A Different World

by Shaun Kieran

When I read business books, I often get the feeling that the work world I see isn‘t quite what those folks are thinking of when they write about what goes on in the workplace.

The problems they focus on always somehow seem to boil down to different examples of essentially the same problems – poor leadership, “non-strategic” thinking, lack of innovation, not listening to customers, etc. As I read, in my minds eye I always see focused, ambitious people with big careers and big mortgages, and it’s just that, according to the author, somehow things aren‘t quite coming together. So there‘s all this potential lying there waiting to be unleashed – if only management would get it right.

Enter – stage left – the right person, or the right management idea, or both.

I suppose I’m exaggerating a tad, and maybe it‘s nothing more than the feeling that they’re writing about a parallel universe where virtually everyone’s a professional, or at least has work skills, and takes for granted adult functioning like shaking hands, returning phone calls, making minimal eye contact, wearing clean clothes, and using deodorant.

At some of the workplaces I’ve been called to consult with, nothing could be taken for granted. I remember sitting in a conference room with a freshly promoted young supervisor having a good  discussion about basic managing do’s and don’ts – things like the need to give regular feedback, to get right on top of identified problems, addressing any anxiety about doing performance reviews, etc.

We could look out onto a floor full of cubicles, and, as we talked, a small squad converged around a particular one. My new supervisor shook her head and said sadly, “We found rotting food in her file drawers, and unopened mail from months ago.“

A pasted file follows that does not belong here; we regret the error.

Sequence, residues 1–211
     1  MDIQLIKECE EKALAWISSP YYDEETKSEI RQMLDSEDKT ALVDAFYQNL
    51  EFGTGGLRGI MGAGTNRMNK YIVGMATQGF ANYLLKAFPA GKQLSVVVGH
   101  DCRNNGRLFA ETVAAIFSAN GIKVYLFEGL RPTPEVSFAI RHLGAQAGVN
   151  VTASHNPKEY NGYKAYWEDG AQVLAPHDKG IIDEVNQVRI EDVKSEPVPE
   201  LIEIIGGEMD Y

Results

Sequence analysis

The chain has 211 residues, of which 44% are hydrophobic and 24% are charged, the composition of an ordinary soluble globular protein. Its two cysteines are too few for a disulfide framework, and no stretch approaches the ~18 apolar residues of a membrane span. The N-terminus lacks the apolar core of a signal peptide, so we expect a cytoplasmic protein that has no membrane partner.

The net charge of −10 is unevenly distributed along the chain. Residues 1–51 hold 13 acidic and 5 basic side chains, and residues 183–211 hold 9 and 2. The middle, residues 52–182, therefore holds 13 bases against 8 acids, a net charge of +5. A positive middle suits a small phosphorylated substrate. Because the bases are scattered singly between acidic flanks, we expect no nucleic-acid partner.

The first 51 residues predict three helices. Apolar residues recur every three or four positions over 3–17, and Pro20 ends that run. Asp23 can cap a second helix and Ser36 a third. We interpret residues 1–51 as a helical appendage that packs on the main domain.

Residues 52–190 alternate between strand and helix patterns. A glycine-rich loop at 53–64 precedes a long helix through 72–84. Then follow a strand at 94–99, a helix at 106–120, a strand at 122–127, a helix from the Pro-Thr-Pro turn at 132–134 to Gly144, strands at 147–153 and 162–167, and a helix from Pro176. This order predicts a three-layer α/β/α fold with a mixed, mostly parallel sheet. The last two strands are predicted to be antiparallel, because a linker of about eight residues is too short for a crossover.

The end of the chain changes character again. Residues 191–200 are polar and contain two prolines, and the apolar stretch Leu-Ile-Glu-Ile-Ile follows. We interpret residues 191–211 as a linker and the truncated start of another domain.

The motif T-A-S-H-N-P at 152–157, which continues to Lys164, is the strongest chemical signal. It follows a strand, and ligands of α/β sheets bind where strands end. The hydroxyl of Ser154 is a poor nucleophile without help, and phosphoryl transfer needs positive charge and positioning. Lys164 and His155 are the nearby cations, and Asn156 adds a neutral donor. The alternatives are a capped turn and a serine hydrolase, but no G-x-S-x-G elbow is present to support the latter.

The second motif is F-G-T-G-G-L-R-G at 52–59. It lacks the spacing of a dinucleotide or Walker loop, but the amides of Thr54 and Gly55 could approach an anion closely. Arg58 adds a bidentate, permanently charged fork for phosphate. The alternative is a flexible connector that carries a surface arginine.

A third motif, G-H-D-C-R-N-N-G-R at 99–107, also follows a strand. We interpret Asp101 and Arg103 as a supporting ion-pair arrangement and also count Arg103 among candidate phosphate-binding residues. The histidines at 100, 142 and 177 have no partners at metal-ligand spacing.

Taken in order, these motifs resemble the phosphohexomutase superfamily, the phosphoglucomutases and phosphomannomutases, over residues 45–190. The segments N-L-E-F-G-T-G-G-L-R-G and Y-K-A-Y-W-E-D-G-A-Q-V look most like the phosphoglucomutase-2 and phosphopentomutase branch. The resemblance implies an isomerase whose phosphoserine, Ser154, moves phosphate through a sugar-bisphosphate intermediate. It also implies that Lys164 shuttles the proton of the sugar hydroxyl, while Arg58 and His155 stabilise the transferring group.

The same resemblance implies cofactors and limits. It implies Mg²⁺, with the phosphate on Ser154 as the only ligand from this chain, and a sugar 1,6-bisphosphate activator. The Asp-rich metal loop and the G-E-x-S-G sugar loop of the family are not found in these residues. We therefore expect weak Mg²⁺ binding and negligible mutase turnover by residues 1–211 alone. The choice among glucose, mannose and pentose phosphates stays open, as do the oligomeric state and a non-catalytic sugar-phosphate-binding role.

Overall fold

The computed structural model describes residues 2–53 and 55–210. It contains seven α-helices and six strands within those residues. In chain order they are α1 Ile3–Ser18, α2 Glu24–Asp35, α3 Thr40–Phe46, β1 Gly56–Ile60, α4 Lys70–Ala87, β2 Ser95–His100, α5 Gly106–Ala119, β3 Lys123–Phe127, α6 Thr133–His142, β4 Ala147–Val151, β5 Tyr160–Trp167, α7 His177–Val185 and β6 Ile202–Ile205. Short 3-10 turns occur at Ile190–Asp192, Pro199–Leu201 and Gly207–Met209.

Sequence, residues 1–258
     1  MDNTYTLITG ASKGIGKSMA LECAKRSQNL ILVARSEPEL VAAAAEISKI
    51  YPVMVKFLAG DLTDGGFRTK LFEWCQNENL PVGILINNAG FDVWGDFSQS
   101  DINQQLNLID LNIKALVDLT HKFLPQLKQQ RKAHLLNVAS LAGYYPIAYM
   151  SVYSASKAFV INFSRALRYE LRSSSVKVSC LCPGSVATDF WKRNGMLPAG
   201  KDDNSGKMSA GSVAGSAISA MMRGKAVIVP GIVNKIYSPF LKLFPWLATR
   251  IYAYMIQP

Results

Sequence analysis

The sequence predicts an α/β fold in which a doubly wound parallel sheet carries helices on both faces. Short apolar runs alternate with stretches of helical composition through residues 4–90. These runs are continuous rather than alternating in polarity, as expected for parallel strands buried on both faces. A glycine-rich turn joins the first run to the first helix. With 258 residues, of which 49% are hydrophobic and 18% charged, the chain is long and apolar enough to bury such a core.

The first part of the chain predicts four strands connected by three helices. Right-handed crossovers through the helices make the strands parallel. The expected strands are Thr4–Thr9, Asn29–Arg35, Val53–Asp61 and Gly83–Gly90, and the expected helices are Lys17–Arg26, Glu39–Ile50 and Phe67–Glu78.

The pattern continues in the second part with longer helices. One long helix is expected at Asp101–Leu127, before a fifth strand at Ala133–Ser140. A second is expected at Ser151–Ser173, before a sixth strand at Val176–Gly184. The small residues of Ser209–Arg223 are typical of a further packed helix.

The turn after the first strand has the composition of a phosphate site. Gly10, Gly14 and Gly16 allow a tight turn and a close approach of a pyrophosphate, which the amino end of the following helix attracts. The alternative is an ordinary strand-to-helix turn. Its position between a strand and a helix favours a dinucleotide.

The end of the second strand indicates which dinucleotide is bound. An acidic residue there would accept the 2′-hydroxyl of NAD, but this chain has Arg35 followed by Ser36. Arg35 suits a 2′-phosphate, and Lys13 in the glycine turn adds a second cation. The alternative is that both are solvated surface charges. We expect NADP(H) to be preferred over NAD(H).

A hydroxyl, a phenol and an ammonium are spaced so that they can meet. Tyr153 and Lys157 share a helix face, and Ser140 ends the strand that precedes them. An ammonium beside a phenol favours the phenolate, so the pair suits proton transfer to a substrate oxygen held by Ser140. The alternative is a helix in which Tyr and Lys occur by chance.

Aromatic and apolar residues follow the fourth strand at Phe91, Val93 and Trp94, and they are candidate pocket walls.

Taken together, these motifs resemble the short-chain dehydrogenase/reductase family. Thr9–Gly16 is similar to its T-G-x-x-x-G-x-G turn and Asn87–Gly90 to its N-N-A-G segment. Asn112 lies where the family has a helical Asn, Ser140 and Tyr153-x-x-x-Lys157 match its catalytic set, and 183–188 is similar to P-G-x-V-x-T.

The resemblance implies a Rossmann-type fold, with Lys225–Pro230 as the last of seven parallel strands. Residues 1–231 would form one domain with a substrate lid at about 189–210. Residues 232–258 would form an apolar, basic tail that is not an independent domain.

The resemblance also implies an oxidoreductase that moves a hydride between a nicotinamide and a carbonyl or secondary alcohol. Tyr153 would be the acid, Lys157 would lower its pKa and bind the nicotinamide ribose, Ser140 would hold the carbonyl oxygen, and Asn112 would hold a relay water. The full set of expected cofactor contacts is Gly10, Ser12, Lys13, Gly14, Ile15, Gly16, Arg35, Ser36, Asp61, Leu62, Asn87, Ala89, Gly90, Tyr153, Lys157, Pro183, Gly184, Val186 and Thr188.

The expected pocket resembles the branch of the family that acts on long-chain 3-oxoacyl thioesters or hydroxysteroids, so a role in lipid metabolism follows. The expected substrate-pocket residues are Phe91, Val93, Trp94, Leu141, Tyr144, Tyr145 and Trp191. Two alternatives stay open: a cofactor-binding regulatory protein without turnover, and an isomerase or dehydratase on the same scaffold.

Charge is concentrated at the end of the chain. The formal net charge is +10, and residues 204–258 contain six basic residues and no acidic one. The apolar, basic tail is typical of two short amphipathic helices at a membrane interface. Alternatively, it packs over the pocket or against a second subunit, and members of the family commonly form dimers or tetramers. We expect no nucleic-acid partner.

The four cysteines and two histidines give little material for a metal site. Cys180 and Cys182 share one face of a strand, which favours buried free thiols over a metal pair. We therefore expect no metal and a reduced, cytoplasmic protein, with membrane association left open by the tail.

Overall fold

I’m not suggesting that happens every day, but there are many, many workplaces where that kind comes through the door – and falls to a supervisor to handle. “The Office” and “Dilbert” cartoons capture a slice of it, but much of what I see isn’t all that funny:  pecking order politics, raw aggression, dysfunction, and pure venality can and do occur with sad regularity in workplaces near you.

Paradoxically, for some people work is the place they’d rather be, actually is “home” – a sanctuary, a model of sanity and reliability that contrasts dramatically ing with the “train wreck” back at their own real home.

This shouldn’t simply be dismissed as the other world of low-enders, where most wouldn‘t be caught dead.

Many of us have been there, are there now, or have siblings, cousins, and even children who are in that world.

Helping line managers do their tough jobs has only partly – if ever – been about “thinking outside the box.“

Truth is, it‘s mostly about keeping your concentration, staying focused, and acting like the person you’re trying to be – no matter what mess is happening in front of you.  Those folks take what comes, learn, improve, and make their exit when the time is right for them.

It may sound a bit corny, but those are the folks it really has been an honor to be able to help.

{ 2 comments… read them below or add one }

Rhett Laubach

I stumbled on your blog from a “best leadership blogs for managers” list. They were right! Thank you for your blogging and your insight into managing and leading. I look forward to learning more from you in 2011 and beyond!

Rhett Laubach
http://tinyurl.com/rhettlaubach

shaun

Thank you, Rhett.

I’ll be picking up my posting rate in 2011.

Shaun

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